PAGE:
[Blueboard] Fr. Pedro Arrupe, S.J., by Fr. Joaquin G. Bernas, S.J.

Romeo A. Dalandan, Jr. rdalandan at ateneo.edu
Mon Nov 19 09:16:33 PHT 2007


Fr. Pedro Arrupe, S.J.
by Fr. Joaquin G. Bernas, S.J.
Phil Daily Inquirer, 19 November 2007
Last updated 00:47am (Mla time) 11/19/2007

MANILA, Philippines - Excuse me if I devote my column today to a man 
whom I and so many Philippine Jesuits greatly admire and revere--Fr. 
Pedro Arrupe, S.J. This month we celebrate the centenary of his birth.

It is not easy to measure the impact he has had on the lives not only of 
Jesuits but also of many others both lay and religious, men and women, 
Catholics and Protestant Christians and many others. Many simply sum up 
their affection for him by calling him Don Pedro.

I first experienced the Arrupe magic in 1976 when he summoned me to Rome 
to give me my marching orders as Provincial Superior of the Philippine 
Jesuits. I had never met him nor ever communicated with him, and so I 
guess he just wanted to size me up. It turned out to be not such a big 
deal after all because he was the easiest person to get close to.

But first, his background. He was Basque, and he grew to manhood in 
Spain. He cut short his medical studies to join the Jesuits. At that 
time the Society of Jesus in Spain was experiencing turbulence. Thus it 
was that Arrupe with many other Jesuits were expelled from Spain by the 
Republican government. Arrupe had to pursue his philosophical and 
theological studies in Belgium and the Netherlands.

After his ordination to the priesthood he was sent to the United States 
to pursue doctoral studies. But before he could complete his studies he 
was sent as a missionary to Japan in 1939. Father Arrupe was Master of 
Novices living in the urban outskirts of Hiroshima when the atomic bomb 
was dropped.

Hiroshima was a turning point in modern world history. The war itself 
was also a turning point in the life of Arrupe.

Shortly after the bombing of Pearl Harbor, Arrupe was arrested on 
charges of espionage. He was kept in solitary confinement for 33 days. 
He later wrote that this "was the month in which I learned the most in 
all my life. Alone as I was, I learned the knowledge of silence, of 
loneliness, of harsh and severe poverty, the interior conversation with 
'the guest of the soul' who had never shown himself to be more 'sweet' 
than then."

Another turning point was to take place in 1965 when Father Arrupe was 
elected 28th Superior General of the Society of Jesus. The choice marked 
the beginning of the post-modern history of the Society of Jesus. The 
direction would become clearer after Father Arrupe convened and led the 
32nd General Congregation of the Society.

The General Congregation is the highest legislative body of the Society. 
It is summoned only in critical moments. In the Society's more than 400 
years, there have been only 34 General Congregations. (A 35th General 
Congregation has been summoned to convene in January next year.)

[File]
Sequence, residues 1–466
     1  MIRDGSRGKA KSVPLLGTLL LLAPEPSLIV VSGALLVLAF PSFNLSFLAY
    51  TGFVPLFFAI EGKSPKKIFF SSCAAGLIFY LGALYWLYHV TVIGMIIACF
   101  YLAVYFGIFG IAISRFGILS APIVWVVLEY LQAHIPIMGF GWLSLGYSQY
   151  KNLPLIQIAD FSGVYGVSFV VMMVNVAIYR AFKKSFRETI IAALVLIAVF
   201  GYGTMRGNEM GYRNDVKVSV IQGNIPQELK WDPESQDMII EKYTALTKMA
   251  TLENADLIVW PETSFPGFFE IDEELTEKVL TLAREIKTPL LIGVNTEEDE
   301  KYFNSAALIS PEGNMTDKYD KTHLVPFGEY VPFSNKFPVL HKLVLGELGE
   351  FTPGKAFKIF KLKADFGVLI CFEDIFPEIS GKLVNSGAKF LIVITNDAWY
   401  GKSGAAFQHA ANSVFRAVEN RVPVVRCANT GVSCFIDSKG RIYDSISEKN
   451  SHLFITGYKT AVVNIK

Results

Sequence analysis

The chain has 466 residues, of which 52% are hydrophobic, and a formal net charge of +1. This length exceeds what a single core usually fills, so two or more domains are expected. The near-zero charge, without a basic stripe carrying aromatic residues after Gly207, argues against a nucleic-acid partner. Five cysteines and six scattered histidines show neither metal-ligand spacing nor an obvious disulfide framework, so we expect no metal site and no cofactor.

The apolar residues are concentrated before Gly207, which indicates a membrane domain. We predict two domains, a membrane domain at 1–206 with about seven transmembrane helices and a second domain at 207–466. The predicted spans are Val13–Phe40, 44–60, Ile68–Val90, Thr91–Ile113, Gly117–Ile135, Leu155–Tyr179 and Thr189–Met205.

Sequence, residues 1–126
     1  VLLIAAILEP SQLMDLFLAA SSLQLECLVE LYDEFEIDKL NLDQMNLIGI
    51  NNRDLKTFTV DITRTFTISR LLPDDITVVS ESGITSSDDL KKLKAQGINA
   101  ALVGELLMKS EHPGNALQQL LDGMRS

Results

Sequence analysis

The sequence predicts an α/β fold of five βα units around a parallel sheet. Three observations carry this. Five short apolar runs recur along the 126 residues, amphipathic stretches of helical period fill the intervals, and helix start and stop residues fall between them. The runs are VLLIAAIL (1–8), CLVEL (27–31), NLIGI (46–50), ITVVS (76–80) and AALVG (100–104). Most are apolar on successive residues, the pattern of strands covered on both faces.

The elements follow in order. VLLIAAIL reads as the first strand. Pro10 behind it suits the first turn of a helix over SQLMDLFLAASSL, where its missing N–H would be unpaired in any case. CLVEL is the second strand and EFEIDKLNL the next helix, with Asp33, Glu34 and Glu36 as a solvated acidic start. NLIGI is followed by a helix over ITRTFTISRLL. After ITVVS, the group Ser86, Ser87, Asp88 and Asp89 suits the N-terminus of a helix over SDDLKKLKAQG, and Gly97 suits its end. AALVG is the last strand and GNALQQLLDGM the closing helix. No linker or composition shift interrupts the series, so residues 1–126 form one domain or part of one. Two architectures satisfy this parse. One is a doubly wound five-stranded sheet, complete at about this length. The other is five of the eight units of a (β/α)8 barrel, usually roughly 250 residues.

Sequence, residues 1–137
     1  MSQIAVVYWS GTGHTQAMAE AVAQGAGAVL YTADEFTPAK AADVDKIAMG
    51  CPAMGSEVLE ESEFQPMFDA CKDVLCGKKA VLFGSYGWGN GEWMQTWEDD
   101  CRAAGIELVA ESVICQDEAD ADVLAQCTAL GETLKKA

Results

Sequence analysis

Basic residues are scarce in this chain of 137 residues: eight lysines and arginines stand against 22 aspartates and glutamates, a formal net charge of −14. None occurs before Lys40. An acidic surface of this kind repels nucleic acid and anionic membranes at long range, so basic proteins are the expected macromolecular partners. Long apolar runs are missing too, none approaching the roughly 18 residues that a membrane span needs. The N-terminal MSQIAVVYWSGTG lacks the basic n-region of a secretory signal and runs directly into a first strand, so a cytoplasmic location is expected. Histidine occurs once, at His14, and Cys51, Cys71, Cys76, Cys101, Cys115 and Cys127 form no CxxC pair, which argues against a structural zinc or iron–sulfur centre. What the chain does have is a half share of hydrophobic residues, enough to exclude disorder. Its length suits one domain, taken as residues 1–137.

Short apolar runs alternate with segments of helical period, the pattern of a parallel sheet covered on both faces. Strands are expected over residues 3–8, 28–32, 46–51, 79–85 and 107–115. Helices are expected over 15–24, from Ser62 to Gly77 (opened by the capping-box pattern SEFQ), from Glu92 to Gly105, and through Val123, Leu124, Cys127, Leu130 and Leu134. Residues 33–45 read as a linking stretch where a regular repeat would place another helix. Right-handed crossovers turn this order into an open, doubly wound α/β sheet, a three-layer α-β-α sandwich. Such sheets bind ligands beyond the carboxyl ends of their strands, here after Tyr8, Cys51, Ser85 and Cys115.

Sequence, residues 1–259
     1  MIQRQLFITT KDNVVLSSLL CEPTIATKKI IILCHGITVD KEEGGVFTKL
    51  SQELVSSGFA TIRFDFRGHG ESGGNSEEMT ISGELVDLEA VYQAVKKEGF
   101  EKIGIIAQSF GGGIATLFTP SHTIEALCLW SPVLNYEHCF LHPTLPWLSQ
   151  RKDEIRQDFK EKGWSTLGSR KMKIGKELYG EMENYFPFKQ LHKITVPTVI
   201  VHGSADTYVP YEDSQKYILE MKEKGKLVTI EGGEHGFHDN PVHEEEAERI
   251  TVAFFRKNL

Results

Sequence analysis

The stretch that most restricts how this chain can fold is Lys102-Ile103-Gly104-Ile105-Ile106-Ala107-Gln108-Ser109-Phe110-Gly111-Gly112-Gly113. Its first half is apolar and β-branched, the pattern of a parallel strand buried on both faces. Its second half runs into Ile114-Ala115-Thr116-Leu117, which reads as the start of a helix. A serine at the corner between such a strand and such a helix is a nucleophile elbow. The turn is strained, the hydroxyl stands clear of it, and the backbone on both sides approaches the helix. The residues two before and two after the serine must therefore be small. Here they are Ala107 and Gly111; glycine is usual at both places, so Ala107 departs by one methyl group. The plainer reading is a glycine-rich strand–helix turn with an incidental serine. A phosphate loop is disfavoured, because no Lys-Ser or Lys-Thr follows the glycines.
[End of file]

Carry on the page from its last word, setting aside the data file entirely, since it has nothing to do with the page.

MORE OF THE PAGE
The 32nd General Congregation formalized the direction the modern 
Society was mandated to take in all its varied works--missionary 
ministry, general pastoral work, education, intellectual apostolate, 
media, the arts and everything under the sun.

Two key paragraphs from the decrees of the General Congregation sum up 
Father Arrupe's own vision for the Society of Jesus.

First is his vision for the Society as an institution: "The mission of 
the Society of Jesus today is the service of faith, of which the 
promotion of justice is an absolute requirement. For reconciliation with 
God demands the reconciliation of people with one another."

Second is his vision of what a Jesuit should be: "What is it to be a 
companion of Jesus today? It is to engage, under the standard of the 
cross, in the crucial struggle of our time: the struggle for faith and 
that struggle for justice which it includes."
In the corner of the Jesuit world in which I live and work, an 
oft-quoted paragraph is one which Father Arrupe delivered to Jesuit 
alumni in Valencia, Spain. His audience included many who came from 
prestigious and wealthy families. What he expressed was his sub-vision 
of what Jesuit education should be.

He started by asking his audience if their Jesuit mentors had educated 
them for justice. He himself gave the answer: "You and I know what many 
of your Jesuit teachers will answer to that question. They will answer, 
in all sincerity and humility: 'No, we have not.'"

He then went on to explain what was expected of Jesuit education. "Today 
our prime educational objective must be to form 
men-and-women-for-others; men and women who will live not for themselves 
but for God and his Christ--for the God-human who lived and died for all 
the world; men and women who cannot even conceive of love of God which 
does not include love for the least of their neighbors; men and women 
completely convinced that love of God which does not issue in justice 
for others is a farce."

Formation of men-and-women-for-others-- this is a continuing mission 
that is never finished.

What was Arrupe's secret? He summed it up in one paragraph: "Nothing is 
more practical than finding God, that is, than falling in love in a 
quite absolute, final way. What you are in love with, what seizes your 
imagination, will affect everything. It will decide what will get you 
out of bed in the morning, what you will do with your evenings, how you 
will spend your weekends, what you read, who you know, what breaks your 
heart, and what amazes you with joy and gratitude. Fall in love, stay in 
love and it will decide everything."

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